• V Singh

      Articles written in Proceedings – Plant Sciences

    • Floral anatomy and systematic position ofCyrtandromoea

      V Singh D K Jain

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      The floral anatomy ofCyrtandromoea differs from those of the other taxa of Gesneriaceae in several respects but shows many resemblances with that of Scrophulariaceae. Hence the transfer ofCyrtandromoea from Gesneriaceae to Scrophulariaceae is supported.

    • Floral organogenesis inCassia fistula L. (Caesalpiniaceae)

      V Singh Sunita Sharma

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      The five sepal primordia arise successively in clockwise sequence. Interprimordial growth initiates a short calyx tube. The petal primordia are formed almost simultaneously alternate to the sepal primordia. They are followed by the antesepalous stamen primordia which also appear simultaneously opposite the sepal primordia. The primordia of the antepetalous stamens are formed after the inception of the gynoecium. They are inserted inside the antesepalous stamen primordia. The floral apex grows up into a crescent-shaped gynoecial primordia. In floral developmentCassia differs from members of the Papilionaceae and Mimosaceae. The position of insertion of the leguminous carpel on the floral apex has been discussed and it was concluded that the carpel ofCassia is a terminal structure.

    • Studies in Bignoniaceae—VI. Floral anatomy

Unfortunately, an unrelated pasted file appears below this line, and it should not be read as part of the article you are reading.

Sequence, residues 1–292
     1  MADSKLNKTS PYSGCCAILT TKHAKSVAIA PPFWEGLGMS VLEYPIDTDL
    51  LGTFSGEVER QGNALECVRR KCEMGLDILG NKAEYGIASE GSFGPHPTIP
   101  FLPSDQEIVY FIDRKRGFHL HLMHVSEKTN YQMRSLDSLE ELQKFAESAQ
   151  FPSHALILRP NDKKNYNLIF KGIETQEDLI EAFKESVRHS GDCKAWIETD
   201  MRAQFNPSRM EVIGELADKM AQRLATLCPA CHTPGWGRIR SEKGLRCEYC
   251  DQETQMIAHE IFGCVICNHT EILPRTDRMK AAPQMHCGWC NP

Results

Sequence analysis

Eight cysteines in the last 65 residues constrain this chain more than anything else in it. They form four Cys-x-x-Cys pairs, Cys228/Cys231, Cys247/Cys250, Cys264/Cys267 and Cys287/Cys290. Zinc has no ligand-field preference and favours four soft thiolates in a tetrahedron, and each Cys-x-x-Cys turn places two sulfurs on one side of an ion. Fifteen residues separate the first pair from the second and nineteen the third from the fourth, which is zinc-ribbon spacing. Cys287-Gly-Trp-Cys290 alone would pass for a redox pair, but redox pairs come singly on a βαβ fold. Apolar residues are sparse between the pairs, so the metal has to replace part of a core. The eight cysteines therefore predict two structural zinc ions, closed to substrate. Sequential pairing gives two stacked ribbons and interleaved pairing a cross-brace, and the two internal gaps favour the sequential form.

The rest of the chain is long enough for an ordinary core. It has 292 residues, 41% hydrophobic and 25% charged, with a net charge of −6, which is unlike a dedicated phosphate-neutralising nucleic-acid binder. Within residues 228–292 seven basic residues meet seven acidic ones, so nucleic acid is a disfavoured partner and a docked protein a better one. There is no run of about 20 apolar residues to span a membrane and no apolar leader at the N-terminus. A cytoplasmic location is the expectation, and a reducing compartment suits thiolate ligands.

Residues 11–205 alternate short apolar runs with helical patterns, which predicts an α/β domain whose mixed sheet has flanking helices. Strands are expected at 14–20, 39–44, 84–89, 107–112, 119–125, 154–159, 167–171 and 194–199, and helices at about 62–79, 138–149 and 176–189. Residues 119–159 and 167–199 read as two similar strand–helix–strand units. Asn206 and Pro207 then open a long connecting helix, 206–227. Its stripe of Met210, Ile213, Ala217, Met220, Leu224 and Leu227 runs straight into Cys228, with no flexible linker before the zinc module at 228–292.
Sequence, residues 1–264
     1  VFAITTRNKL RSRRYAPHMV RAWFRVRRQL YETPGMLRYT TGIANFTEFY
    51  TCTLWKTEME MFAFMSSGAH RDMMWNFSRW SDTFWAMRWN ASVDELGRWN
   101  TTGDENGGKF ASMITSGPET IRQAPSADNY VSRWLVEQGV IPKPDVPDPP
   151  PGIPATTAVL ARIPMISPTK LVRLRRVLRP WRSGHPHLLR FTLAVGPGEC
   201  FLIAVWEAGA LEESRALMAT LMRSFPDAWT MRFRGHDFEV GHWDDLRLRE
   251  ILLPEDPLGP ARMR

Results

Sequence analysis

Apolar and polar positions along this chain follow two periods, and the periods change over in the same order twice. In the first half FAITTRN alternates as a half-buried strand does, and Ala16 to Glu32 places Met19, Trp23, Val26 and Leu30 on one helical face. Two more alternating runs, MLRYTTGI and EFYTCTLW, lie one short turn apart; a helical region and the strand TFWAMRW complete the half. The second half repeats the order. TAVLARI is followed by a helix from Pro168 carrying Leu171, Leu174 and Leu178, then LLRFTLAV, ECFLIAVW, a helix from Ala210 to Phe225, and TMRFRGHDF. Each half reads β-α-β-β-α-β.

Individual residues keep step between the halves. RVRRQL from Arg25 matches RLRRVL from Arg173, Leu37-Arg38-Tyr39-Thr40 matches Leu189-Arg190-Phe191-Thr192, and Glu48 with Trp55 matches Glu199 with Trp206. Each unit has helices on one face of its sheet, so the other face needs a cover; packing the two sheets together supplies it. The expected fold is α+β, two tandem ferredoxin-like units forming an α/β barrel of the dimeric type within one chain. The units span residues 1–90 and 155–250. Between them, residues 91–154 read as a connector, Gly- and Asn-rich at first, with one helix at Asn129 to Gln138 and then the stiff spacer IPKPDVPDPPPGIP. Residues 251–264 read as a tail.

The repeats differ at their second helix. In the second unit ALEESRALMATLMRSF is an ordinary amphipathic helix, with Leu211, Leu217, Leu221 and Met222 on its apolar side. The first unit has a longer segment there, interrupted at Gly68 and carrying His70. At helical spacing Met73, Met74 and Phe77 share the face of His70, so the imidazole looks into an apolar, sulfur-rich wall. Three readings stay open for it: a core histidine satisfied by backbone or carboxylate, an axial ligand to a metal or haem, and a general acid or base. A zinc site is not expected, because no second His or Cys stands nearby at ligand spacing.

D K Jain V Singh

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      The vascular anatomy of the flower of 18 species of Bignoniaceae is described. The flowers are hermaphrodite, zygomorphic, hypogynous and pentamerous. In many investigated taxa several medullary traces are given from the central vascular cylinder. The calyx shows much variation in its vascular supply in different taxa of the family. It is suggested that one-trace condition of the sepals has arisen by the fusion of the laterals with the median and multitraced condition by amplification of the three traces. Each petal receives a single trace but inTecomaria capensis although there are four petals, five traces differentiate for the corolla. The posterior petal which has two traces seems to have arisen by the incorporation of two petals. A siphonostelic stamen trace has been observed in some taxa and it has been correlated with the large size of the filaments. The vascular supply of each carpel consists of a dorsal bundle, a ventral strand and several carpellary laterals. The Bignoniaceae show an intermediate condition between axile and parietal placentation. The disc is very richly vascularised and derives its vascular supply from more than one source. It is suggested as carpellary in nature.

    • Studies in bignoniaceae. VII. Wood anatomy

      D K Jain V Singh

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      The wood anatomy of 17 species representing 14 genera has been investigated. The wood is diffuse porous. It is composed of vessels, tracheids, fibres, axial parenchyma and rays. The vessels are either scattered solitary or in radial or tangential multiples of two or three or in long radial chains. All the lianas and a few trees studied have two types of vessels with narrow and broad diameter. The vessels usually show a simple perforation plate. Two main types of xylem fibres, the fibre tracheids and the libriform fibres intergrade with each other. The xylem parenchyma is paratracheal, vasicentric and confluent to aliform. The rays are uni- or multiseriate, homogeneous or heterogeneous and their length varies in different species.